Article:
Phonics plays a key role, and Ofsted recognises the hard work that schools have done to embed phonic teaching. The report also advises that ‘it is extremely important that reading books closely match pupils’ phonics knowledge’.
Ofsted note that most schools inspected this year, including those judged to be good or outstanding, ‘had recently reviewed their curriculum for early reading’.
For confident readers, Ofsted found that teachers in outstanding schools were using ‘their deep knowledge of children’s literature’ to guide independent book choices.
The report reaffirms Ofsted’s insistence that assessment is ‘not an aim in itself, but is linked to the curriculum progression model’.
A strong curriculum is ‘underpinned by clear central aims and accountability, but also recognises that individual subjects require different approaches to sequencing and assessing content, and therefore avoids a one-size-fits-all approach.’
In terms of ongoing assessment, it advises that teachers deliver lessons that ‘build on prior learning and are underpinned by formative assessment in order to discover and address misconceptions and adapt lessons as they go.’
Covid disruption and remote learning
Welfare is Ofsted’s priority, and this has been ‘underlined’ by the crisis. Ofsted found that ‘there has been no lowering of the standards’ in the early years care. They will continue to carry out‘regulatory work, including monitoring and visiting settings of high concern’.
Ofsted says that there has been a varied approach to home and blended learning during the pandemic. It remarked that ‘some parts of the curriculumdo not lend themselves to remote learning. This includes many areas of early years provision.’
Even where schools made good provision, ‘few children did asmuch schoolwork as they would have done at school’ for reasons such as lack of ‘hardware, connectivity or quiet space to work’ or they struggled without teacher support.
Ofsted advised that ‘in some cases, the use of non-digital resources (such as high-quality textbooks) would have made it quicker, easier and cheaper to establish a well-structured programme of remote learning.’
As yet,Ofsted ‘do not yet have reliable evidence on ‘learning loss’ from the pandemic’ but it’s‘likely that losses have been significant and will be reflected in widening attainment gaps.’ Worryingly it ‘looks certain that learning loss will affect children and young people unequally.’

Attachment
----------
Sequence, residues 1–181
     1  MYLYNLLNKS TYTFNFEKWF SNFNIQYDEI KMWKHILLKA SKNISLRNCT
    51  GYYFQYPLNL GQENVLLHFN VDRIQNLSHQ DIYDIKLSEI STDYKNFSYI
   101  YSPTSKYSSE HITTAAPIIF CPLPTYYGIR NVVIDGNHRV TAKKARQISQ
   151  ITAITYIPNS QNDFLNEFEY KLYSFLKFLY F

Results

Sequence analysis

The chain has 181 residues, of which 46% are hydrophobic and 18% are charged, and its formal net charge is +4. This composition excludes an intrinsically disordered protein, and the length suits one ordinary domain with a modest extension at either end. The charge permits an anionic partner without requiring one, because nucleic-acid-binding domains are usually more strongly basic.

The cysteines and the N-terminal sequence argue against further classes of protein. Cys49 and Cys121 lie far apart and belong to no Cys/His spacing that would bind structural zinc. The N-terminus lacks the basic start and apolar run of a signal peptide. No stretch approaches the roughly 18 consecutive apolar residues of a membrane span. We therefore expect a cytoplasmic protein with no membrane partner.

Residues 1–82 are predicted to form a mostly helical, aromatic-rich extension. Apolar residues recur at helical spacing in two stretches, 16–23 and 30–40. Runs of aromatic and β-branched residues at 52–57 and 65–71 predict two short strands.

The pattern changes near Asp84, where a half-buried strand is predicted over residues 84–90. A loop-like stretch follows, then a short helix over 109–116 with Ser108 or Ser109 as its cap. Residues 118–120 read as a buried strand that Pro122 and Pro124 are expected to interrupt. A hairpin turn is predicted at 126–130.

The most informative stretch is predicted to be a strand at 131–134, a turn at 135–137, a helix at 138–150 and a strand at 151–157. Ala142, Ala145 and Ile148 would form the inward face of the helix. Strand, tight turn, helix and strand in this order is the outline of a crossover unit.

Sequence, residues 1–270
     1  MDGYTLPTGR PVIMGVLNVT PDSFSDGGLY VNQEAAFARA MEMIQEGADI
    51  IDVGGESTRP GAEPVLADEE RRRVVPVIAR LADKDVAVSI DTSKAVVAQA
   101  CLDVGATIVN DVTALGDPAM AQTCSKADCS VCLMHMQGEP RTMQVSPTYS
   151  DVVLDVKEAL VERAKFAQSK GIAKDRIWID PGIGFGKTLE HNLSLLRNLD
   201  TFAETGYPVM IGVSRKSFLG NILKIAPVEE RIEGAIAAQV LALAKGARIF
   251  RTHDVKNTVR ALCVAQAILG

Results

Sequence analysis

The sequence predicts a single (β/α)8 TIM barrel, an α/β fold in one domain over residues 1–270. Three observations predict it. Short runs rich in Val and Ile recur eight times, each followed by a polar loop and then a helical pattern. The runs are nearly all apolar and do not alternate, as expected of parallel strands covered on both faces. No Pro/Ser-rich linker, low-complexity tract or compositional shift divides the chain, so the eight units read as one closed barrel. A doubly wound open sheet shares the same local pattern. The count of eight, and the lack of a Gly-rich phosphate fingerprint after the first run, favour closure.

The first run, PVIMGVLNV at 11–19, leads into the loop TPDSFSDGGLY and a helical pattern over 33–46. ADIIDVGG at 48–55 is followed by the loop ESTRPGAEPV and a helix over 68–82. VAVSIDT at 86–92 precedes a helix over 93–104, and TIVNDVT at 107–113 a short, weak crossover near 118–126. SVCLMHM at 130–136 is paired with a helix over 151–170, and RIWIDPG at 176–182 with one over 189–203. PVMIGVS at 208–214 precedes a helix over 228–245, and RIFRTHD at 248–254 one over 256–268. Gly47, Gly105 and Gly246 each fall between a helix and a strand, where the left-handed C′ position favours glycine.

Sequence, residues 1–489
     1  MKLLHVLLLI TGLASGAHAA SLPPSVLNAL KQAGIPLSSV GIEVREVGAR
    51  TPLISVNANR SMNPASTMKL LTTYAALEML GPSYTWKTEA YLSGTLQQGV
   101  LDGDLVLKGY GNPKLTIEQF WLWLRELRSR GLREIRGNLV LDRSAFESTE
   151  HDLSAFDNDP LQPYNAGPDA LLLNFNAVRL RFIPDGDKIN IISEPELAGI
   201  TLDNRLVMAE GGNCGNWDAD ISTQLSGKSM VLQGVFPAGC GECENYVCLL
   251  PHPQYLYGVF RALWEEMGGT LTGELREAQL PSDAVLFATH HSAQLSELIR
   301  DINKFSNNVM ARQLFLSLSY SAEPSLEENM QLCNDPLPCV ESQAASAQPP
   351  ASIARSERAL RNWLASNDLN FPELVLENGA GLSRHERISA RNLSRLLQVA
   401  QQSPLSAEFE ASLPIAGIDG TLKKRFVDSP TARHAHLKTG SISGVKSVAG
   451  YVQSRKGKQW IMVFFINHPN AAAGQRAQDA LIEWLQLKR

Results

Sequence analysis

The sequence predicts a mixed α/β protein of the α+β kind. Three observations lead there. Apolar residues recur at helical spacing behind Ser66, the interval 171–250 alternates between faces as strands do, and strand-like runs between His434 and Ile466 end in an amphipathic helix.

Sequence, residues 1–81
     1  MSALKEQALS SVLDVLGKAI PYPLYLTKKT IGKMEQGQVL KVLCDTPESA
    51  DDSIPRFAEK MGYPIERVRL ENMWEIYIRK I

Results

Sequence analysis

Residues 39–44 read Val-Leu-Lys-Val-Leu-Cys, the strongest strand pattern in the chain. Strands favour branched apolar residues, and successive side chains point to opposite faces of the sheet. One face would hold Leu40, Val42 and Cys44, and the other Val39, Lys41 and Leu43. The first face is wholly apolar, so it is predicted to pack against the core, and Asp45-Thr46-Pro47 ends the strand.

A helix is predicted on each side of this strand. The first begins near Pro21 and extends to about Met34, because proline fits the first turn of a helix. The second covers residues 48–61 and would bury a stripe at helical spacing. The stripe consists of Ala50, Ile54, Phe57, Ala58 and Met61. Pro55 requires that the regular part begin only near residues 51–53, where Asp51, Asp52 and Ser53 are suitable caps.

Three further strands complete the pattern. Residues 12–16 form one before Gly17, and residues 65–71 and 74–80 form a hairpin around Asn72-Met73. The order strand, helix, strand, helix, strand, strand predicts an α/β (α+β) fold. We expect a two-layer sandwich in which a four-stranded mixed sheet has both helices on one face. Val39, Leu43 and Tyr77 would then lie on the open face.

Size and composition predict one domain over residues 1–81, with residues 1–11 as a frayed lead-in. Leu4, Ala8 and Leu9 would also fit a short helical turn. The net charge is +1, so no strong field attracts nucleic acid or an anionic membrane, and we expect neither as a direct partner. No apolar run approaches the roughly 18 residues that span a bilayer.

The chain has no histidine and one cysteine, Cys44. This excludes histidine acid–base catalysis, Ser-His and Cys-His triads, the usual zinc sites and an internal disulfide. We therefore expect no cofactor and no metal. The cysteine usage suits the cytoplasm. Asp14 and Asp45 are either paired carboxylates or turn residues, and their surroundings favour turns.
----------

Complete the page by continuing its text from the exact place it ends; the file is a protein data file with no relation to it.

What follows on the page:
Assessment of Year7 writingsuggests ‘the picture isworse than just ‘no progress since the first national lockdown’ and that we ‘cannot yet say how long it will take toretrieve lost ground.’
Feedback from leaders during Ofsted’s autumn visits
Ofsted visited schools during the autumn to find out about their provision, and thechallenges they were facing during the pandemic. Here are some of the main points that leaders made:
‘Childrenwere happy to be back at school and to see their friends, but were sometimes suffering from poorphysical health.’
They were ‘making some adaptations to their curriculum, based on practicalconsiderations or as a result of pupils having lost learning while not at school, or often both.’
They were ‘ambitious to return their schools to their usual, full curriculum as soon as possible’ and were focusing on ‘gaps they have identified in what children know and can do.’
They discussed ‘the many challenges they were facing in keeping their schools safe and open.’
There were concerns about ‘the lack of visibilityof vulnerable children’ during the pandemic and that in normal times, ‘around 20% of notifications to local authorities about children come from schools and early years settings.’
Overall Ofsted ratings
‘The proportion of good and outstanding primaryschools has increased from 87% to 88% this year.’
Of the inspected Early Years Registered (EYR) providers, ‘96% were judged good or outstanding at their most recent inspection. This is unchanged since last year and a marked increase from 85% in 2015, the start of the CIF (Condition Improvement Fund).’